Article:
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Investment Strategies
Distressed Securities

Distressed Securities are comprised of debt, equity and creditor claims of a company that is undergoing a corporate restructuring or in which the market is embedding a heightened going-concern risk. In such securities, the market will often assign a higher level of uncertainty to the company’s securities to compensate investors for this additional risk. When a company restructures, its securities tend to improve in value as the uncertainty /risk that the company will remain a going concern is lowered.

Orphan Securities

“Orphan Securities” are defined as bond, equity and hybrid financial instruments that are created when newly reorganized companies emerge from a corporate restructuring. These securities are given to creditors and/or shareholders in exchange for their holdings of creditor claims and/or pre-restructuring securities. These securities will often trade at a discount to comparable securities until they attract a broader following from the broader investment management community.

Credit Deterioration

“Credit Deterioration” is defined as the weakening of a company’s financial condition, measured by its credit risk, as a result of a catalyst event such as a violation of a key covenant in its banking facilities, the inability to refinance its existing bank or bond facilities, insufficient capital to complete its business plan, impending credit agency downgrades, or reduction in corporate distributions or dividends. The Fund’s investment activities in the area of Credit Deterioration will predominately take the form of a short sale of corporate debt and/or equity securities that the Manager believes are overpriced relative to its risk profile combined with a catalyst event that may cause the market to revalue these securities.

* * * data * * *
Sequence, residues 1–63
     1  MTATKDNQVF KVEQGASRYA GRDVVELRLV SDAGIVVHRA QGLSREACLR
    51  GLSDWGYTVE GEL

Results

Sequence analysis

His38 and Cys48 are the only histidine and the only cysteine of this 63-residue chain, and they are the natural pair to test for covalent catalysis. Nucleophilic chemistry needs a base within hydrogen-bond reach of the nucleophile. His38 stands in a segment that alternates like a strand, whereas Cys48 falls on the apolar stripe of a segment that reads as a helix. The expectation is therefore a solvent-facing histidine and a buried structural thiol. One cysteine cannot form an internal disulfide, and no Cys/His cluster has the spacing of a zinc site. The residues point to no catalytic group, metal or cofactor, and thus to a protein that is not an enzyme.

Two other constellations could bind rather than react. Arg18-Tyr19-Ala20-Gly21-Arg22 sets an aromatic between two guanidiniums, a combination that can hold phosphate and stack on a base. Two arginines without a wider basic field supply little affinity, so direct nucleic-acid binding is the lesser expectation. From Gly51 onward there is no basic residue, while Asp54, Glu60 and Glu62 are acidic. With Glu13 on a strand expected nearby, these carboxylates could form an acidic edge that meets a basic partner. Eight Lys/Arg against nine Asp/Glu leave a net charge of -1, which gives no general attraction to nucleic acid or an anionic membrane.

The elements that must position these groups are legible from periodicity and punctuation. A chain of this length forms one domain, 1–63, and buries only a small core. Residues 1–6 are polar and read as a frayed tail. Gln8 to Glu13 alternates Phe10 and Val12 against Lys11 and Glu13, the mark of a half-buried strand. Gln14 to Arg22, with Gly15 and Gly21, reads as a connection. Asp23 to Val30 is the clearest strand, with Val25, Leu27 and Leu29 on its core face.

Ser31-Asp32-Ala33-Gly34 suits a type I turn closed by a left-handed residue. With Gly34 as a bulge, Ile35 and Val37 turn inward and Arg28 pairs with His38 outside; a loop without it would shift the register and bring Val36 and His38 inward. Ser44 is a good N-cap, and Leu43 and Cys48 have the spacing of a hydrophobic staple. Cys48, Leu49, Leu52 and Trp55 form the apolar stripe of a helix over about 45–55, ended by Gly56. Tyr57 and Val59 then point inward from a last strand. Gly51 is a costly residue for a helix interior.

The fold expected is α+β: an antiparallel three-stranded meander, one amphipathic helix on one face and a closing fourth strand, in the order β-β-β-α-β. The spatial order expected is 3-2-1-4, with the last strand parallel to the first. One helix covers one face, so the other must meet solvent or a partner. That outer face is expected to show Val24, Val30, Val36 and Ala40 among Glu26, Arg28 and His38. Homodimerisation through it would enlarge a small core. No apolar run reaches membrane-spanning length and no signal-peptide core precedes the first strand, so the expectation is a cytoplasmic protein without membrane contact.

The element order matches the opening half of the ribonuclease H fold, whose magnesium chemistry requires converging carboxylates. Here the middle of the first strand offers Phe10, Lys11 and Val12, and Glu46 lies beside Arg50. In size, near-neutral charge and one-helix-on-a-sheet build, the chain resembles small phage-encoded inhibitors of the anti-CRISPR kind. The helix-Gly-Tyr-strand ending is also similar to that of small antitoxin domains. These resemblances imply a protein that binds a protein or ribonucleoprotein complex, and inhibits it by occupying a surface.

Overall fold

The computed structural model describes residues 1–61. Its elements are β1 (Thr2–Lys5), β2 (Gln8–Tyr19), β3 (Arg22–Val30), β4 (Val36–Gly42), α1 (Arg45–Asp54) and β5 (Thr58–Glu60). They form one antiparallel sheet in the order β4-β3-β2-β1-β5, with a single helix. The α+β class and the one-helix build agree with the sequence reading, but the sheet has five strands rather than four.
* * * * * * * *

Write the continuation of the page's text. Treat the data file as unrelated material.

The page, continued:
Capital Structure Arbitrage

“Capital Structure Arbitrage” is defined as the strategy of offsetting long and short positions in different securities within a company’s capital structure. Opportunities arise when different segments of the capital markets assign a materially different risk/return outlook to a company’s securities and there is potential profit from the reversal of the valuation discrepancy between these securities.

Reorganization

A “Reorganization” is defined as a situation when a company undergoes a liquidation, merger, wind-up or divestiture of some or all of its operations and assets. Existing investors will typically receive either new securities, corporate assets and/or a cash payout in the event that the Reorganization is completed. The Fund will purchase or short sell debt and/or equity securities of companies that are undergoing a formal Reorganization. Investments will be pursued in securities that are trading at a material variation to what the Manager believes to be the securities’ realizable value

Recapitalization

A “Recapitalization” is defined as the additional financing a company requires to make its capital structure more stable to avoid, operate in, or emerge from a restructuring. Sometimes called “Rescue Financing”, the use of this capital is to generally pay off secured lenders, refinance debtor-in-possession debt facilities, finance new capital expenditures and/or to re-establish working capital or financial liquidity.